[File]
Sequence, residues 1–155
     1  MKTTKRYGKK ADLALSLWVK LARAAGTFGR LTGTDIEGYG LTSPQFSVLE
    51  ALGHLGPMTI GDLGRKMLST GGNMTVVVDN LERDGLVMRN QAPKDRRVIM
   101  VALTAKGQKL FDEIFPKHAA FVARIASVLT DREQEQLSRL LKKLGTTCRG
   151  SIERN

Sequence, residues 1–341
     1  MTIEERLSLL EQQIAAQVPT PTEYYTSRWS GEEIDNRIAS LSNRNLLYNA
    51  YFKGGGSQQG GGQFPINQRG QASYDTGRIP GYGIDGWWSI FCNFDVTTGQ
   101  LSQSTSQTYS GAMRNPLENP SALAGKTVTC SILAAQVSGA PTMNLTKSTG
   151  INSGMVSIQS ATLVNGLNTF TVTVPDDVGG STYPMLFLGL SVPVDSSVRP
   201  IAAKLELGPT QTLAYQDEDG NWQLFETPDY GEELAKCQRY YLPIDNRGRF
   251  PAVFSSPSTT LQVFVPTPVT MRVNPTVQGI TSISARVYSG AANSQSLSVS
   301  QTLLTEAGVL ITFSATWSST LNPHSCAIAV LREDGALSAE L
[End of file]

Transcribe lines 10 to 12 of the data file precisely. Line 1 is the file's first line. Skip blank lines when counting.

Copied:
   151  INSGMVSIQS ATLVNGLNTF TVTVPDDVGG STYPMLFLGL SVPVDSSVRP
   201  IAAKLELGPT QTLAYQDEDG NWQLFETPDY GEELAKCQRY YLPIDNRGRF
   251  PAVFSSPSTT LQVFVPTPVT MRVNPTVQGI TSISARVYSG AANSQSLSVS